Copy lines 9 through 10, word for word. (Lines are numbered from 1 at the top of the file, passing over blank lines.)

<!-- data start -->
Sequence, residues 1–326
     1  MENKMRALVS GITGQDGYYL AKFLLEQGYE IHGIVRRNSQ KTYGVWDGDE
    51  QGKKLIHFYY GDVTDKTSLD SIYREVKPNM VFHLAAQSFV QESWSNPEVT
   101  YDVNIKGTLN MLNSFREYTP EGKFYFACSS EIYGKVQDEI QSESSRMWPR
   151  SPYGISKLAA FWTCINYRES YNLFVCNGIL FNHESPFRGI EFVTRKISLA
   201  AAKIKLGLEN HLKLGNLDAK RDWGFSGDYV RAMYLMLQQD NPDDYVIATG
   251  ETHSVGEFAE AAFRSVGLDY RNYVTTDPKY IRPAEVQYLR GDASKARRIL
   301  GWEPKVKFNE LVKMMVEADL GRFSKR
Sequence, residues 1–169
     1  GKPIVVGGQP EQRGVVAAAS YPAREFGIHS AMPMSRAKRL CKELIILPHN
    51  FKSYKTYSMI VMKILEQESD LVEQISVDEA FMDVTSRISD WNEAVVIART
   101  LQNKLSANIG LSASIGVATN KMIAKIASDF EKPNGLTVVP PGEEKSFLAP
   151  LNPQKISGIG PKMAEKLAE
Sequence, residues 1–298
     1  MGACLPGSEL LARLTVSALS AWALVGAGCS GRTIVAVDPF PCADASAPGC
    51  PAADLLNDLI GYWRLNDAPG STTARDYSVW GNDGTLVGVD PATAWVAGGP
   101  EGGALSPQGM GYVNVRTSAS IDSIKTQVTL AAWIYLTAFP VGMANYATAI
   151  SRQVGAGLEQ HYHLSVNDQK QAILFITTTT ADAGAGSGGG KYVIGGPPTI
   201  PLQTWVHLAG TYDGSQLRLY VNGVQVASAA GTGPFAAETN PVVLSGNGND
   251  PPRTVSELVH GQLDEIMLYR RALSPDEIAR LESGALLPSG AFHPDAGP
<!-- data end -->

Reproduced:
Sequence, residues 1–169
     1  GKPIVVGGQP EQRGVVAAAS YPAREFGIHS AMPMSRAKRL CKELIILPHN